The story spans a couple of days. But it didn't read like it. Or maybe it was the fluff haze *shrug* Where the story really shined is getting deeper into David and Sharu's characters. We get to learn of their insecurities and feelings. Both have baggage: Sharu was once mighty and powerful, brought down by a human. David is a nerd, average looking and just wanted to find someone to call his own...and did some questionable things for a guy's attention. His self esteem is lacking. And both of their hang ups endeared them to me.

And the fact that the sex didn't start automatically. Consent and feelings were a key factor in the development of David and Sharu's relationship that started in the beginning with a healthy animosity in Sharu's part and nerdtastic wonder on David's. The asshole ex made for a good enough villain. A little OTT, a little predictable, but within the fluff category, he worked.




It all worked.

And the sex...seriously, it really was like it was written for me. *coughs* public shenanigans *coughs* More than once!

 





Is the story perfect? Nope. I don't think it's trying to be. (Thank goodness)

Overall, the pacing is good. It could have been better in a few areas. The main characters would hit a decent stride, then either of them would say something slightly out of character or a little odd, making it a little disconcerting. I had to reread passages or sentences maybe 3-4 times at most to see of a character switched POV, or if there was a jump, the authors would weave the story back around the oddity. And there were about once or twice where the story got to be indulgent for the writers, more than the characters (ex. that elevator scene: hot, but what did it really add to the story?)

And the ending was so abrupt. I literally was stunned at the end of the story. I kept hitting the corner page of my Kindle as if it'd give me the last pages of the epilogue, Loving Djinni, could have benefited from. So many it could have been a touch longer?

Does the story need a sequel? No.

But the history intertwined with the fantasy of djinn made for interesting would building. It would be cool to read more about Sharu's world, how the beings came to be, what other magical beings there are, or at least learn of his actual name.

It's trope-y. The fluff tag is definitely put to good use, so please keep it mind when reading for maximum enjoyment.

The is a quick, fluffy read with endearing characters, a cool little historical sprinkling with magic dosed all around

Because genies djinn.




This story proves genies romances needs to continue being a thing.

Recommended for readers who don't mind the blurb's tags, enjoy light, low angst, trope-y bonbons with magic and historical strokes.





A copy provided for an honest review.
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review 2016-10-08 07:32
Established couple fans, this one's for you!
Take Two - Shira Anthony

3.5 Hearts--


"We don't feel like a couple. It's like we're running in the same direction, but we're not on the same team."


I've had this song [Charlie Puth - "We Don't Talk Anymore"] stuck on my brain the entire time while reading Take Two by Shira Anthony. This awesome song and a fave couple from Sense8 (fans of the show should figure out which closeted couple) on my brain I should say.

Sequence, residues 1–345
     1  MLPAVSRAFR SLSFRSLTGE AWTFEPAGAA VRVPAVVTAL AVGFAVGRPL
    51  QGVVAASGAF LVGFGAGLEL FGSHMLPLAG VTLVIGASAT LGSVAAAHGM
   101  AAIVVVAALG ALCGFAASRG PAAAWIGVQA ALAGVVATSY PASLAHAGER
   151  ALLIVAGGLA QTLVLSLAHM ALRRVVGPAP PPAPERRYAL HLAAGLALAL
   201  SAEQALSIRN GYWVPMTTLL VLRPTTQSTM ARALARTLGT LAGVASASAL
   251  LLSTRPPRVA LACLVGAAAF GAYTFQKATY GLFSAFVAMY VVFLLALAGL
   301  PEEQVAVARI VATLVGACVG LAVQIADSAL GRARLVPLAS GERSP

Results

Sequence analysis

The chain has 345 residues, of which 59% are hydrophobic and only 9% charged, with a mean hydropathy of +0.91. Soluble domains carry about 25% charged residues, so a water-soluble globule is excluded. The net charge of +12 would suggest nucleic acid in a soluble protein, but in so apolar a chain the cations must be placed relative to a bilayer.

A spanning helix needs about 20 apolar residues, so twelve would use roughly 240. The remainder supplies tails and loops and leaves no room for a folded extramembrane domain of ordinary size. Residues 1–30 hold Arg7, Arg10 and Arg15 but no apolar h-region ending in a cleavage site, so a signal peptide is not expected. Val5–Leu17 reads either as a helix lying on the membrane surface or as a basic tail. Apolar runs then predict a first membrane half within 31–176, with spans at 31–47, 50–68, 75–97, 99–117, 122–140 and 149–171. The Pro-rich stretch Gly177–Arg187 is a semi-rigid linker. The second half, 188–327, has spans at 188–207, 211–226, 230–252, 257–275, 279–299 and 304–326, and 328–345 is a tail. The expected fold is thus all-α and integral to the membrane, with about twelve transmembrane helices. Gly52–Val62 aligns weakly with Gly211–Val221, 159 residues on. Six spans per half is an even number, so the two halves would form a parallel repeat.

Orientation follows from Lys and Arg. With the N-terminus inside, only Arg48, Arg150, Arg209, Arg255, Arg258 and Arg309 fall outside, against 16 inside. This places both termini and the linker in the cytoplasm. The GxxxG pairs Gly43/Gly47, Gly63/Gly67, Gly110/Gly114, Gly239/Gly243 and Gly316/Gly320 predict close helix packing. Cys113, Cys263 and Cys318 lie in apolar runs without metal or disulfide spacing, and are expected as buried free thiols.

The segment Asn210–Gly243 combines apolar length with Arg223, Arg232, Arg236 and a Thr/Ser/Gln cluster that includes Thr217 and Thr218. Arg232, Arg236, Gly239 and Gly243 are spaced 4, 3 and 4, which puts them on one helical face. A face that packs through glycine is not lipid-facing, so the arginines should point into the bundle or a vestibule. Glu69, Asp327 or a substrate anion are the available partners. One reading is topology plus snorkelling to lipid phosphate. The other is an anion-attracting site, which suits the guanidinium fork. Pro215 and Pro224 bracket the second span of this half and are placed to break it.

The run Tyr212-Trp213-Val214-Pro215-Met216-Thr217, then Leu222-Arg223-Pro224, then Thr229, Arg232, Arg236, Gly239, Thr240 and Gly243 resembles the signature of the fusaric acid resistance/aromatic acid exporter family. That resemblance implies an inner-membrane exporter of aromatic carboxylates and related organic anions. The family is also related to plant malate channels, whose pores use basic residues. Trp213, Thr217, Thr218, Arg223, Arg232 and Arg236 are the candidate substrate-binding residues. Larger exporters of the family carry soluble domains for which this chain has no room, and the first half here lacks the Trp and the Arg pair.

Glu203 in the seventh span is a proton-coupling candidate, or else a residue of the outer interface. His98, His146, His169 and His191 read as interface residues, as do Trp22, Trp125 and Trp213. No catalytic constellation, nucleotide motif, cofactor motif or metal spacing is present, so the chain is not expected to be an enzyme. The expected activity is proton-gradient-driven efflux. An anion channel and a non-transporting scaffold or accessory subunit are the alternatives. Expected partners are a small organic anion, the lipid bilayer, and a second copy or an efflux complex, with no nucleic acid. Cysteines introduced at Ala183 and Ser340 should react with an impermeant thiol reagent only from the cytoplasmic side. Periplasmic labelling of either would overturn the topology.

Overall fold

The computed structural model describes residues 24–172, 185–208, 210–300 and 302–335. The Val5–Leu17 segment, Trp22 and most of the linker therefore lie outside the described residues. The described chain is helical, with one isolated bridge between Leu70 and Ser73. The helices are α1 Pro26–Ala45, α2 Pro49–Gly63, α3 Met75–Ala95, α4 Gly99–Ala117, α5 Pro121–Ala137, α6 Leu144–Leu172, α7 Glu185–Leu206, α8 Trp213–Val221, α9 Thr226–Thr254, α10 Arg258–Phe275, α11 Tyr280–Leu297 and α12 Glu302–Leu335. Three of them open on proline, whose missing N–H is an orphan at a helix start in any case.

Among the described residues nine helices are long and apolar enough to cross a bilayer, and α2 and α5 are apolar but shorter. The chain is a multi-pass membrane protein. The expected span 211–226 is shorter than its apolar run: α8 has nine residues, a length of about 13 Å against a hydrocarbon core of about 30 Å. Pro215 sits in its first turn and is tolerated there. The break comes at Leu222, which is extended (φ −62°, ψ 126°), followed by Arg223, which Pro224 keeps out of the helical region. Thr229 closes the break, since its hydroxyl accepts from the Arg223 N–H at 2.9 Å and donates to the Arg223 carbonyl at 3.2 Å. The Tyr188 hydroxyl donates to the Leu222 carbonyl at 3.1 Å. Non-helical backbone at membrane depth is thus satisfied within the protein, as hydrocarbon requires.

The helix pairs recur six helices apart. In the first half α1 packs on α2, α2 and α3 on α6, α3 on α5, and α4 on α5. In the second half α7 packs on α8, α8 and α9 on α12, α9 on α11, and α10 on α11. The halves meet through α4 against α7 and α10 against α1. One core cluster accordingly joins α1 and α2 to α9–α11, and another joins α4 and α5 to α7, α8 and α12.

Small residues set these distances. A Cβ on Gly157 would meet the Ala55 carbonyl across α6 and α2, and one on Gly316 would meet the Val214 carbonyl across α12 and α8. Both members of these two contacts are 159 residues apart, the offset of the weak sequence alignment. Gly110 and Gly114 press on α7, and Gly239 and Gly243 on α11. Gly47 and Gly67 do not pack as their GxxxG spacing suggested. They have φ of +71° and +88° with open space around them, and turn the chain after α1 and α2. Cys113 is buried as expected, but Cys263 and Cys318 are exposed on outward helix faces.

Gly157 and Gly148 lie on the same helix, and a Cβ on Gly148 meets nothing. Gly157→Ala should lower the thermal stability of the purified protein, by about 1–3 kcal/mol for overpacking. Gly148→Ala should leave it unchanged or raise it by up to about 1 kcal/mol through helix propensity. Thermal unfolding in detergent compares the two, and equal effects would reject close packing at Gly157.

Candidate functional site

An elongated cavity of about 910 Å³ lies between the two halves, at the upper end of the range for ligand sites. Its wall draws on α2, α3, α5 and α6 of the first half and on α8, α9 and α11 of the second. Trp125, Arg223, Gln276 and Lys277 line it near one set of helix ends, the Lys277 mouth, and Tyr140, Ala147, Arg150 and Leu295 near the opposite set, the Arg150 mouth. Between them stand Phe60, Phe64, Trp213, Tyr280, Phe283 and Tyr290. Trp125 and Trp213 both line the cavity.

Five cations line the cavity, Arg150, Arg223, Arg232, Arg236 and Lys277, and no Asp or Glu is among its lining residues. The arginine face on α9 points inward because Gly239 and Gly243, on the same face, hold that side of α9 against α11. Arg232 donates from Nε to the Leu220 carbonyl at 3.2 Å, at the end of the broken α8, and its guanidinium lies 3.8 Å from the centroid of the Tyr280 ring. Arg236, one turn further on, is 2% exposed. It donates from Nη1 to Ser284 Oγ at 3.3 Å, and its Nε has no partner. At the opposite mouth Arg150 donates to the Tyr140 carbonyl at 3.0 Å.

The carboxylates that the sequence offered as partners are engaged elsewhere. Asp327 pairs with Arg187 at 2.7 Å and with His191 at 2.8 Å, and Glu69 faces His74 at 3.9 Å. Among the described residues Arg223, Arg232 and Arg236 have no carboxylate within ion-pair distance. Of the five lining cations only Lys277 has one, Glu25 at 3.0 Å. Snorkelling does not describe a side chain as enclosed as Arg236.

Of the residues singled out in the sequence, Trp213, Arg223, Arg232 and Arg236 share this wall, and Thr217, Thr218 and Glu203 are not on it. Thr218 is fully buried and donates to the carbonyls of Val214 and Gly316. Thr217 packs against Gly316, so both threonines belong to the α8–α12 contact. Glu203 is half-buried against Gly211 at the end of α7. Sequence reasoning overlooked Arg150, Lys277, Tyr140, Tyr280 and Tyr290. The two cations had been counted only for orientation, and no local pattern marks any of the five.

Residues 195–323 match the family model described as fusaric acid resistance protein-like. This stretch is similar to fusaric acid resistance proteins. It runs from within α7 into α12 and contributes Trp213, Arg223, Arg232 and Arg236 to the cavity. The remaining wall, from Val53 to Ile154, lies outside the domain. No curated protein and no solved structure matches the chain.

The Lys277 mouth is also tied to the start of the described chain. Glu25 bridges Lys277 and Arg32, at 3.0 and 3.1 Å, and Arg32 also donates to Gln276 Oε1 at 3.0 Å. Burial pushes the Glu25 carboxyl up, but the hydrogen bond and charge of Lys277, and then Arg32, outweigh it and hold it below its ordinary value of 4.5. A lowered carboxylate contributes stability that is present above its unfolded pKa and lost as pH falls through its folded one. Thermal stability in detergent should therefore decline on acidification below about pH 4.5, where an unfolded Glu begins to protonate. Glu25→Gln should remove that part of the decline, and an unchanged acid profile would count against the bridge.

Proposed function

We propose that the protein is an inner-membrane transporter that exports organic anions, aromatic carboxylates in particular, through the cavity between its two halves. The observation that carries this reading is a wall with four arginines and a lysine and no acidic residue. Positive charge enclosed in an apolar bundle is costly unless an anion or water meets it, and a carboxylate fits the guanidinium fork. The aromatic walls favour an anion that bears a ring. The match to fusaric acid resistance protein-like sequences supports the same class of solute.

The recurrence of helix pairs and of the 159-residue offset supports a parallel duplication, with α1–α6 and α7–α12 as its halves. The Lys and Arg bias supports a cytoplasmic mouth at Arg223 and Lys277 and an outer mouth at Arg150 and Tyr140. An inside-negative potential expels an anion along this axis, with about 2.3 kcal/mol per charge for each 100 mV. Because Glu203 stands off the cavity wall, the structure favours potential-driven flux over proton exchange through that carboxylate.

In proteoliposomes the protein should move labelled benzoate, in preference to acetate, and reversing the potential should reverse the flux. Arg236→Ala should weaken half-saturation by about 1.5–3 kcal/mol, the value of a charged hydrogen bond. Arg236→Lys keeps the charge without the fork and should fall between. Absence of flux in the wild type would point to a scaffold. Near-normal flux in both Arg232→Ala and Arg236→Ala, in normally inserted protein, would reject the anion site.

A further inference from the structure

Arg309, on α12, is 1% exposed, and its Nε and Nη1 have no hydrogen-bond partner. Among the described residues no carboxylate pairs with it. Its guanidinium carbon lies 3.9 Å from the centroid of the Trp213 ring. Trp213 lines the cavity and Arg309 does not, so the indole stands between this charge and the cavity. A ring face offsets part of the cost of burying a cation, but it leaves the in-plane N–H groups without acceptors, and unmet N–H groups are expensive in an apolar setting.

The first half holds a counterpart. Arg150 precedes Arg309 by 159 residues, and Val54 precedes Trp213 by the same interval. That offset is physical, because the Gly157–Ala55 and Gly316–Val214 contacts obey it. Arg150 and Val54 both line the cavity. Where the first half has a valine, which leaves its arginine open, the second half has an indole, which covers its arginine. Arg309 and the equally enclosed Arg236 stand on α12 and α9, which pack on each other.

Why? This story is about how non-communication can break down a relationship. A couple who suffers from "right person, wrong time." Love, sex and compatibility are definitely big key factors to have a great relationship, but the biggest is communication. Without it, the strongest can even fail. As what happened in Take Two.





Thirty nine year old NY history professor Wesley Coolidge is finally getting his life back on track. Work's great, he has a new academic boyfriend and...he's weeks away from having his divorce finalized. His soon to be ex-husband is famous actor thirty five year old Sander Carson aka Sam Carr. With a marriage of ten years and a separation of three years, it's time for them to move on.

Even though Wesley loves Sam just as much as Sam loves Wesley.

Even though their spark never faded.

The problem is the lines of communications faltered as Sam made it in Hollywood and hid their marriage in the closet. (The closet isn't to blame for the divorce)

The author bills the story as funny, and it might have had a moment or two that made me smile...I don't think it was funny. It's more fluffy and cute. It could have easily been another addition to the Dreamspun line, if you squinted just right.

Second romance, established couple, big grand gestures and sneaky machinations to make your lover realize the spark is still there...all key elements for a light second chance romance. Sam is very stubborn and charming. He tricks Wesley to North Carolina to his pirate set for a job and goes out the way to make sure Wesley know he doesn't want the divorce. (There's no cheating & low angst)

There is something about Shira Anthony's writing that is infectious for me. I get swept away in her characters. They're not outrageous or OTT, simple men who have real life problems and don't mind a little romance.

I do have quibbles. My main one being Wesley realizes why he needs to divorce Sam. At least, I think he did. Wesley is shy, doesn't seem to like grand, dramatic gestures (which after a decade....Sam should have known) and he didn't want to fall under the charismatic Sam spell. He admits it's hard to resist but seems to be on the same communication wavelength that Sam wasn't trying to find. Sam was more of a talk at Wesley than listen and talk to him type of man.  I wanted more from Sam. I needed more from Sam. I could see the new boyfriend plot device. from a mile away. I could see the natrual disaster plot device from ten feet away.

What I wanted to see was Sam finally get the light bulb upstairs and quit the personal 'CGI' and get real with his man. Wesley held strong...mostly. It might come off as wishy-washy, but I think Wesley explains his reactions.

I did wish the boyfriend angle was non existent. I don't think it really added to the story. The entire HEA seemed like a rebound which defeats the purpose of reconciliation for me, if they're trying to avoid making the same mistakes again.

But it's light and happy. And I shouldn't go looking for depth and maturity. That's not this book.

It's a good read. Sweet love scenes (minimal sex scenes, it's more about reconnection) Not my favorite Shira Anthony, that of course being the deceptively angsty ones like Prelude.

Sweet, light, big romantic gestures, established couple yum yum (not my kink, tbh), pirate actors (definitely my kink), geeks and hunky actors can all be found in Shira Anthony's Take Two.



A copy provided for an honest review.